We learn a lot of things from the movies. For instance, Hollywood films are the only reason everyone knows the words to the Miranda Warning, or that the Titanic broke into two pieces before it sank, or that you can save a mob boss’ wife from a heroin overdose with a syringe full of adrenaline.
We can also learn from the movies when it comes to the workplace. Disclosure taught us that women can sexually harass men, too; 9 to 5 taught us that male bosses will steal ideas from their female employees; and Working Girl taught us that female bosses will steal ideas from their female employees.
Here are four workplace films we can all learn from:
The Devil Wears Prada (2006)
Based on the novel by Lauren Weisberger, the film tells the story of Andy Sachs (Anne Hathaway), an immature, self-centered executive assistant based on the real-life Lauren Weisberger. She goes to work for manipulative, malevolent, egomaniacal fashion exec Miranda Priestly (Meryl Streep), based on the real-life Anna Wintour.
We’re supposed to feel bad for Andy, as she suffers under Miranda’s insane manipulations. But Andy just comes across as a flighty ingrate; while the Miranda character, undoubtedly evil, does in fact keep every promise she makes to Andy, including offering her a real career at the end of the movie. When Andy turns it down to find a more meaningful life outside of fashion, she comes across not as a paragon of integrity, but as just stupid.
The lesson: pay your dues without complaint. Also, if your boss is a maniac, then just quit — don’t whine about it all the time, and then quit just as it’s paying off for you.
Glengarry Glen Ross (1992)
The message of this film, based on the 1984 David Mamet play, is very simple. DO NOT EVER WORK IN SALES. EVER.
The other workplace films on this list feature office environments. I thought I’d give the blue collar a little love.
Clerks is the little no-budget indie film that made Kevin Smith famous. If you’ve never heard of Kevin Smith, it’s because you’re a Baby Boomer or older, and I can’t help you with that.
Clerks is the tale of a day in the life of two convenience store clerks, the irresponsible Randall and the overly-responsible Dante. Mostly they trade insults, discuss Star Wars, mock the customers, play hockey and attend a funeral. And they swear. A lot.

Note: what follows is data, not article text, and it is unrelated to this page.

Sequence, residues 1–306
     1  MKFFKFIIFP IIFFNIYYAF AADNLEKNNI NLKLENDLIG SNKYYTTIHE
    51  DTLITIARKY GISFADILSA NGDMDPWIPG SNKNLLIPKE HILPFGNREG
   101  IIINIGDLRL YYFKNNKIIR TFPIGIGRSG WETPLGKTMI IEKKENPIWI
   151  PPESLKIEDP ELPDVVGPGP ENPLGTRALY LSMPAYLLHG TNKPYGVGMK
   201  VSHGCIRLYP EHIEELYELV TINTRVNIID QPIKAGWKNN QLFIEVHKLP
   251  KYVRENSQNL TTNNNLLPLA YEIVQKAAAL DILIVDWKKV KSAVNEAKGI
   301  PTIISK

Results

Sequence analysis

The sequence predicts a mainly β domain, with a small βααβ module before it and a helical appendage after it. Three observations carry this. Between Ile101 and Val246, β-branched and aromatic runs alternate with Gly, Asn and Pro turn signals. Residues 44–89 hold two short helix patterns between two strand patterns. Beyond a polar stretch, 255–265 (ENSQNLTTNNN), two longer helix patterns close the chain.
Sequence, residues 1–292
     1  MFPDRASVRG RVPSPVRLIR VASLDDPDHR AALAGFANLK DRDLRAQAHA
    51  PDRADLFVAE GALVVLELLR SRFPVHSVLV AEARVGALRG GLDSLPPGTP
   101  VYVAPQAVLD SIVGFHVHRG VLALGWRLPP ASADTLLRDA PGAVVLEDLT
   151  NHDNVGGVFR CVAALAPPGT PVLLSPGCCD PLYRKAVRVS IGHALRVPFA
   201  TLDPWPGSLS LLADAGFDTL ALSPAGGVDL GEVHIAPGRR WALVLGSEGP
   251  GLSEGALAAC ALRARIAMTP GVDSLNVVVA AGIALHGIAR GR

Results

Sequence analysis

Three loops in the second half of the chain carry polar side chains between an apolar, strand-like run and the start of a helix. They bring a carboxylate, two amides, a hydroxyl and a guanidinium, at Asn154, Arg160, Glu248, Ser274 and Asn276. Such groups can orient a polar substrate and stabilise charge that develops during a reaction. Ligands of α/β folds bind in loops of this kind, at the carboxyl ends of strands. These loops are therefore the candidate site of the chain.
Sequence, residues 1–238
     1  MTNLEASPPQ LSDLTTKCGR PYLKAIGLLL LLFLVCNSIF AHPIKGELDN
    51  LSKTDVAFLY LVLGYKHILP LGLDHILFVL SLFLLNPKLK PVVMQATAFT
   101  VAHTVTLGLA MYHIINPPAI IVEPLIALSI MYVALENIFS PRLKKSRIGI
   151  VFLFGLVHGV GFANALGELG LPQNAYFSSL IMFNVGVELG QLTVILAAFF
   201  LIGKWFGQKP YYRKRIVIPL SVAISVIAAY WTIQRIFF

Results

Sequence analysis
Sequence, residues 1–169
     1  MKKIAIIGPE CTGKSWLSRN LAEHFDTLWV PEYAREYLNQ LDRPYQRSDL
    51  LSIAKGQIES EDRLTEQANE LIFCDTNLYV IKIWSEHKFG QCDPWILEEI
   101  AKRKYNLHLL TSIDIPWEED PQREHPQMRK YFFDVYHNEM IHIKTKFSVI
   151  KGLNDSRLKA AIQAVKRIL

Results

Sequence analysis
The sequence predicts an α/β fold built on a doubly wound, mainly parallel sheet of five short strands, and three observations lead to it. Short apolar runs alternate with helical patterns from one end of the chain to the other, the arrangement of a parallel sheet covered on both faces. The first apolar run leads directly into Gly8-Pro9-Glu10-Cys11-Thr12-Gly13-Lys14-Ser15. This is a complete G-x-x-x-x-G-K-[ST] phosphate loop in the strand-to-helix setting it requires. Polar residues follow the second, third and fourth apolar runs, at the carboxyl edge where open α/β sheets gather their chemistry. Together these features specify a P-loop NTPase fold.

The message is, if you have a lousy job and no other prospects, do what you have to do to make it bearable. Also, if your customers are idiots, it’s okay to abuse them. I don’t suggest following that last piece of advice, but it’s in the movie.
Office Space (1999)
Mike Judge’s Office Space is hands-down the funniest workplace comedy ever made, and one of the funniest comedies ever made period. If you’re saying to yourself that Mike Judge created Beavis & Butthead, so you refuse to watch his movie, then I say to you well, he also created King of the Hill and Idiocracy. If that doesn’t change your mind, then again, I can’t help you.
Office Space is the story of Peter Gibbons (Ron Livingston), a disgruntled computer programmer who despises his job, his company and his life. His cheating girlfriend drags him to an occupational hypnotherapist, who puts Peter into a state of perfect relaxation. Before he can bring Peter out of the trance, the hypnotherapist dies of a heart attack.
Now completely free of stress, Peter blows off his job and asks out the gorgeous waitress (Jennifer Aniston) at the chain restaurant next door. Suddenly Peter, with his new-found fearless honesty and calm, pleasant demeanor, finds his career on the rise. But while Peter does no work and gets promoted, his buddies Michael and Samir, who toil like slaves, are going to be laid off.
Disturbed by the unfairness of the situation, Peter talks Michael and Samir into joining a scheme to embezzle from the company. The plan goes horribly, horribly wrong, and with his hypnosis wearing off, Peter must find a way to save himself and his friends from their mistake, and keep them all out of PMITA prison (if you’ve seen the movie, you know what that is).
The film is full of lessons. First, if you hate your job, find another one. Second, if you must stay in a bad job, don’t let it affect your personal life. Third, don’t be afraid to stand up to your abusive boss — he can’t hurt you as much as you think he can. Fourth, yes, you can ask out the hot waitress at the chain restaurant, just be pleasant and confident.
And fifth, you know that computer embezzlement scheme from Superman III? Yeah, don’t try that.Four Great Workplace Movies by Erik Even